Wednesday, February 28, 2007

The Heather Mills dancing saga continues

A big day here on my blog with three posts! But I couldn't resist this one either.

I have been following the Paul McCartney/Heather Mills story and haven't commented on it because I thought that they deserve to go through their personal pain without me adding to the ton of things being written about them. (Although the evidence that they check my blog daily is spotty at best.)

But now that Heather is going to be on Dancing with the Stars things just get stranger and stranger. This headline, though, is probably the strangest one yet: Heather Mills Says Her Leg Probably Won't Fly Off. In the original interview with her that this quote comes from she addresses the issue of her doing competitive dance with an artificial leg in a reasonable and lighthearted manner and I'm sure she said lots of other things in the interview but this, of course, is what gets pulled out.

It is really fascinating to see how some Beatles fans are calling for a boycott of the show and how the press is focusing their attention on Mills' unique situation - both physical and personal. Even though calling Mills a star is stretching it a bit - I'm not sure what she's done to put her in that category - the producers of the show struck gold when they hired her. They've had more publicity than I would have ever imagined. The cult of celebrity is alive and well.

Nitpicking the 6PM news...

I'm breaking my one-post-a-day rule to nitpick the news.

Here was the opening sentence on the 6 PM news tonight, reporting on a downtown building that burned down last night: "Until last night it was a former Grand Rapids factory."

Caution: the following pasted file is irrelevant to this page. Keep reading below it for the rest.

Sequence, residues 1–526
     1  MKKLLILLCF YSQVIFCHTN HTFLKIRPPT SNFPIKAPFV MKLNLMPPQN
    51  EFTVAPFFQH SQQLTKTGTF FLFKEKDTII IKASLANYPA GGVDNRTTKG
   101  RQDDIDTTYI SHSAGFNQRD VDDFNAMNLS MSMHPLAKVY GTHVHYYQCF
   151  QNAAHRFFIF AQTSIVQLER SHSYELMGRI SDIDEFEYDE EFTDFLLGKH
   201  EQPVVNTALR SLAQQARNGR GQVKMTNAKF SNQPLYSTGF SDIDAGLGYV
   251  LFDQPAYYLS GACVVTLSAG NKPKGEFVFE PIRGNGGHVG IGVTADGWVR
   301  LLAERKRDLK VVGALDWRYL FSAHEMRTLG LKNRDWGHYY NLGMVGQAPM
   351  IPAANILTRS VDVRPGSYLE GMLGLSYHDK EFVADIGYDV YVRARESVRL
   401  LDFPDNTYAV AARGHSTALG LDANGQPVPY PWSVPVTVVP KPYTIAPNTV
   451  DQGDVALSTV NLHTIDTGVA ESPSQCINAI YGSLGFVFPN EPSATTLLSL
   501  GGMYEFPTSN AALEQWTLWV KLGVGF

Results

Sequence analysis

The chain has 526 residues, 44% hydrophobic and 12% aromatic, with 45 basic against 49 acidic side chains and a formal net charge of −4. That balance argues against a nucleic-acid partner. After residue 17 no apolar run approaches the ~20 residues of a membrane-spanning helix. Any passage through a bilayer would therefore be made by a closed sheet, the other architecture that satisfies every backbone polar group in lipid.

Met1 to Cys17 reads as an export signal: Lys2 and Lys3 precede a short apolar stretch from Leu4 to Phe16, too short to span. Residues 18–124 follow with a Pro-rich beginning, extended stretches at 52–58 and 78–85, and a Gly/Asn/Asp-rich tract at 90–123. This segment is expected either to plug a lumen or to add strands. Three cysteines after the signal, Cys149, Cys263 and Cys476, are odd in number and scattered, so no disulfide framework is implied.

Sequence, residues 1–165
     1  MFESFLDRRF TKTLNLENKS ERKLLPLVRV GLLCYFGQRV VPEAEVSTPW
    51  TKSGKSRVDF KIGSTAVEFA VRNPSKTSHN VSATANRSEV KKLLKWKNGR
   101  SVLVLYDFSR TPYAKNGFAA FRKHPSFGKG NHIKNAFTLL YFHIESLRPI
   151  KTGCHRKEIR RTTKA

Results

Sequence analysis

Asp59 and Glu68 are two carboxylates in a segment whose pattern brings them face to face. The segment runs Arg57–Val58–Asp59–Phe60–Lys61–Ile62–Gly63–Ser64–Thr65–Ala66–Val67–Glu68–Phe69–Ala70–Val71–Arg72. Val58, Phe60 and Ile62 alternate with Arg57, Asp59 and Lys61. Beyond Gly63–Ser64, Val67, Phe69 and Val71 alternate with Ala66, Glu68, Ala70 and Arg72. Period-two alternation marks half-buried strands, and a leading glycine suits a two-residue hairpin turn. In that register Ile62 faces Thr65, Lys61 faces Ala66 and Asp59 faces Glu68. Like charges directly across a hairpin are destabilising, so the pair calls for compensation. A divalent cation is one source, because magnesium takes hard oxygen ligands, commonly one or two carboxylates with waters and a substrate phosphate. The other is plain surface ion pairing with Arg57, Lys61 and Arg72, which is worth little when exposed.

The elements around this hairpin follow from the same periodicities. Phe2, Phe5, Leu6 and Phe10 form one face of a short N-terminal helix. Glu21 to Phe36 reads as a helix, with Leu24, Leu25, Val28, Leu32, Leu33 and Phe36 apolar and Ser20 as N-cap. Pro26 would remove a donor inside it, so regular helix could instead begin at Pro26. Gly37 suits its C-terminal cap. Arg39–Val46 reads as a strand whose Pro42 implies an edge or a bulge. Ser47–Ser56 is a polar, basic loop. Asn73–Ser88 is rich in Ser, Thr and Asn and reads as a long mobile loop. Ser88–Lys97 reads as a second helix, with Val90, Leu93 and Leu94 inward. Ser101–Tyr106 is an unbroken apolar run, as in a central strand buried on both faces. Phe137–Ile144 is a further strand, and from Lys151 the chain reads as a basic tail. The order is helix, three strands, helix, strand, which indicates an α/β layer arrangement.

Now, I know that the developers were trying to turn it into condos or apartments or something but, even after it burned down isn't it STILL a former Grand Rapids factory?

The Beatles on Ready Steady Go - 1964

Here is a great video clip from March of 1964 when the Beatles appeared on the British TV show Ready Steady Go. It shows them happily lipsyncing to two of their songs and also includes a delightfully trite George Harrison interview. I love the beehive hairstyles on the fans.

Monday, February 19, 2007

'Studio 60' getting the ax?

This article suggests that Studio 60 is getting put on hiatus after tonight's episode and perhaps being put out to pasture for good. My favorite line from the article is "Death would not come without mourning, but the grief would be more for the promise represented by Sorkin and a stellar cast led by Matthew Perry and Bradley Whitford than for anything they produced." Aaron Sorkin knocked it out of the park twice - with Sports Night and then with West Wing. But with Studio 60 it just seemed like he was too full of himself and too intent on making writers look really bright and conflicted.

The good news is that now I won't have the Monday night do-I-watch-it-or-don't-I issues that I've had lately. The other good news is that the Gilmore Girls, a show that I usually only watch with my youngest daughter Lynnae, has been on target this season and Lost has been great so there is plenty to keep me busy!

Sunday, February 18, 2007

Oh! Gravity – Switchfoot